I said it before, and I'll say it again, you can't blame home sales, for now at least, on the weather.
Today the National Association of Realtors reported an unexpected 7.6 percent monthly drop in its Pending Homes Sales Index in January.
Remember, this index measures contracts signed, not closings, so this is people shopping in January who put in an offer, got the offer accepted, and signed on the dotted line in January.
The Realtors' report is headlined: "Pending Home Sales Down; Severe Weather Impacting Market"
That headline would suggest that severe weather impacted January sales, and the usual housing analysts have since noted that in all their reports.
I say that's hooey, and I have the proof!
First, from the Realtors themselves:
“January pending sales, though still higher than one year ago, remain much lower than expected given that a large number of potential buyers are eligible for the expanded home buyer tax credit," writes NAR Chief Economist Lawrence Yun. "Moreover, the abnormally severe and prolonged winter weather, which affected large regions of the U.S., hampered shopping activity in February,” he said.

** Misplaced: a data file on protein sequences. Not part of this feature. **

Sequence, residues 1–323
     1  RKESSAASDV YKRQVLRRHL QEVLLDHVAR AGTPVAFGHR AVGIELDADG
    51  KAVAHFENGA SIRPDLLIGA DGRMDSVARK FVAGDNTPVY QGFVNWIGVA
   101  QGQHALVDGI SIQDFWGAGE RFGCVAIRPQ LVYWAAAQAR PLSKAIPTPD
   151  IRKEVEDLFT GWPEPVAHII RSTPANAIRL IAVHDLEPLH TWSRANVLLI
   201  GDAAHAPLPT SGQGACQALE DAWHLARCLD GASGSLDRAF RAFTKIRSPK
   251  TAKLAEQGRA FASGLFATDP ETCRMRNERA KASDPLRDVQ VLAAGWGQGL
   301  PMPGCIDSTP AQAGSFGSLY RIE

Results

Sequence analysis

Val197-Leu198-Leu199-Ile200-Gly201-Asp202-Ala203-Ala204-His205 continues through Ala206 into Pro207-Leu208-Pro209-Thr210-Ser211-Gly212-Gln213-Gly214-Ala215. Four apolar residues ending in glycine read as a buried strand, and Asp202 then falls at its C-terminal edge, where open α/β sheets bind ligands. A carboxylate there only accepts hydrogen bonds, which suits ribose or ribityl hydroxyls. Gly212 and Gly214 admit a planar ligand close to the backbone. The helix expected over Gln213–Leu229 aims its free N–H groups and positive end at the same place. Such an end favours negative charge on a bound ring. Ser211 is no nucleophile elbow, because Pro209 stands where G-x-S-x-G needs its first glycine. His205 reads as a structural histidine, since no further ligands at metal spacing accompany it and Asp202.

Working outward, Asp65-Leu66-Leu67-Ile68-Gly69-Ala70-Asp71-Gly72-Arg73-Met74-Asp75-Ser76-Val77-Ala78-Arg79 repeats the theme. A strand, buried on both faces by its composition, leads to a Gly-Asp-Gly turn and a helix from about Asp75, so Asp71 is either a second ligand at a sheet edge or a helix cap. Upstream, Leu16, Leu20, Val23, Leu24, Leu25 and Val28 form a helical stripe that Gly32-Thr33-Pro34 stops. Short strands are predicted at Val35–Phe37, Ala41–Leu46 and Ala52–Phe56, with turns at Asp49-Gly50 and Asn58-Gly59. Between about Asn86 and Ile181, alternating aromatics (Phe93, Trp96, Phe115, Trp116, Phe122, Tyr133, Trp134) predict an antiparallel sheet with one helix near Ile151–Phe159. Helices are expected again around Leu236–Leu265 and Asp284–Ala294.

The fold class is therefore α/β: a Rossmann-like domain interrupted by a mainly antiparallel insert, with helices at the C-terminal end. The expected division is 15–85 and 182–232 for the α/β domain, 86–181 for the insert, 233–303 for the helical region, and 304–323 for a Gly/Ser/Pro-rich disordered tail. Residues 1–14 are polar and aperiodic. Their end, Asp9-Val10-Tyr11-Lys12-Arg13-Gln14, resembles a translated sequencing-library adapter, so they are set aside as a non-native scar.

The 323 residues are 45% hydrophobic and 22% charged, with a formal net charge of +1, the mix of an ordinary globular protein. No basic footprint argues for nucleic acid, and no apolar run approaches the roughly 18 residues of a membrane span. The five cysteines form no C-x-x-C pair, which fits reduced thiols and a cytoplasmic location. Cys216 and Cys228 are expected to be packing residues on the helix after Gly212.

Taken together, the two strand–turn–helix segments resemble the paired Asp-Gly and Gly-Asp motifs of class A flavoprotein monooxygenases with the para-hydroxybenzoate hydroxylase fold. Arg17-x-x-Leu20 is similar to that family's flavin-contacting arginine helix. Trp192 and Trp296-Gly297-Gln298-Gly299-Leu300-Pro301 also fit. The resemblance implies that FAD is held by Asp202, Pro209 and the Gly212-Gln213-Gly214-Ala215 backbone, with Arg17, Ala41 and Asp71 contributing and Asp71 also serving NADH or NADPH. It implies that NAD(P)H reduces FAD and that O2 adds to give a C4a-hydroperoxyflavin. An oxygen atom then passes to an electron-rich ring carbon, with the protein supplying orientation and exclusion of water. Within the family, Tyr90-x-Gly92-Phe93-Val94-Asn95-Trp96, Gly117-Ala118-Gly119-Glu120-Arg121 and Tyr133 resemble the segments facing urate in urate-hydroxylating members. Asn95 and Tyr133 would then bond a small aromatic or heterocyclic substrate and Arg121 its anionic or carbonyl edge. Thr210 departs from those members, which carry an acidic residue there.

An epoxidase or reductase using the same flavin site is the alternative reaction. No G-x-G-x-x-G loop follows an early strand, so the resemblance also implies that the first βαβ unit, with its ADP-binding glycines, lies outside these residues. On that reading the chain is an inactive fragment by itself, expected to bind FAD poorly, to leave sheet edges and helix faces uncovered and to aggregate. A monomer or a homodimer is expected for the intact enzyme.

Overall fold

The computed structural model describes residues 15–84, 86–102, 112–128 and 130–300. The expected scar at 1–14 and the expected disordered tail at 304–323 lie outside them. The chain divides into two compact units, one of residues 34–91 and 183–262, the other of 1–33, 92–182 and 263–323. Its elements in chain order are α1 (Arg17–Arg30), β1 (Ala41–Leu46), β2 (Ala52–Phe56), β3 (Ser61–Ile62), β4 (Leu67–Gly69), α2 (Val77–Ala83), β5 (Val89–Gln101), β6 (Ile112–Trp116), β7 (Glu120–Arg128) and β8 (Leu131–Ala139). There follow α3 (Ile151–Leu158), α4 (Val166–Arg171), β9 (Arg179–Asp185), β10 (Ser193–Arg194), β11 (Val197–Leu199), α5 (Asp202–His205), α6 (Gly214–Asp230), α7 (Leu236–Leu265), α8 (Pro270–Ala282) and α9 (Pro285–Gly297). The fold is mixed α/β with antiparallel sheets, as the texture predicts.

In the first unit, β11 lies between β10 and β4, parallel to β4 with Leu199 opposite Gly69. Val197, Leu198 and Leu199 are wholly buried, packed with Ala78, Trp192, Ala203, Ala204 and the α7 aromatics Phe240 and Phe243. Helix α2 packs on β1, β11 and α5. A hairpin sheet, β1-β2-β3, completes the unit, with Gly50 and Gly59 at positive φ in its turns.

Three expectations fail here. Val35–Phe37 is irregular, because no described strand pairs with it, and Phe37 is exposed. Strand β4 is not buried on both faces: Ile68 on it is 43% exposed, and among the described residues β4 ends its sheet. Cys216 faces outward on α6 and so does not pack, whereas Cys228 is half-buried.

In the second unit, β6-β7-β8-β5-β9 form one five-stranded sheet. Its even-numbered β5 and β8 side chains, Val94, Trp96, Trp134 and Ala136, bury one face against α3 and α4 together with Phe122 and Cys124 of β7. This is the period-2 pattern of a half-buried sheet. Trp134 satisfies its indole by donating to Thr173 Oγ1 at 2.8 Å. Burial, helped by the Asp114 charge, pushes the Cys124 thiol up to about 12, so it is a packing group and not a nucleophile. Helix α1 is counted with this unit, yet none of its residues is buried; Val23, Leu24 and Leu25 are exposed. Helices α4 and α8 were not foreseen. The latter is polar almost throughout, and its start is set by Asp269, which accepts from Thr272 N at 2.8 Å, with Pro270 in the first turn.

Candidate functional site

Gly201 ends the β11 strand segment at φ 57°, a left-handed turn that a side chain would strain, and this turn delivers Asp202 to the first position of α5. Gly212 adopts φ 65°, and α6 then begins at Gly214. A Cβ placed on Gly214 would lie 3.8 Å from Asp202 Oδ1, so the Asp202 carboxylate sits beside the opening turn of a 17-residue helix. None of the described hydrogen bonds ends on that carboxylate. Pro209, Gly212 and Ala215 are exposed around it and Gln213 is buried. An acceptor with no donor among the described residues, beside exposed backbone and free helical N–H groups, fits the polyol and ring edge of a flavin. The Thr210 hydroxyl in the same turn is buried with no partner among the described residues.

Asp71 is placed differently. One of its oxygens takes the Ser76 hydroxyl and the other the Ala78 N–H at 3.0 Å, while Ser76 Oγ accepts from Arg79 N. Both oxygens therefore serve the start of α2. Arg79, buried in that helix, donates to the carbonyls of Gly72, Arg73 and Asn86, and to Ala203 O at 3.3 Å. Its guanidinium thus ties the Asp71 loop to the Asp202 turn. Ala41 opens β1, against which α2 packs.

Okay, so he's saying the tax credit should have pushed sales higher in January and the severe weather hampered shopping in FEBRUARY.
Well I called over to WSI, a Weather Channel company that tracks how weather affects various business sectors.
WSI's Chief Meteorologist Dr. Todd Crawford sent me the following:
- After a cold start, temperatures during the second half of the month moderated significantly. For January as a whole, US temperatures were very close to normal.
- Regionally, the Northwest had its 5th warmest January on record, while the Central, South, and Southeast regions were significantly colder than normal.
- An intense series of storms impacted the West Coast with flooding rains and hurricane-force winds on the 21st/22nd
- A large winter storm brought significant snow and ice to the southern U.S. on the 28th through 30th, affecting areas from New Mexico to the Atlantic Coast. Vast stretches of the interstate were forced to close, impacting commerce. Reports of snowfall over 10 inches and ice over 1 inch were widespread
In summary, January was not particularly notable compared to February.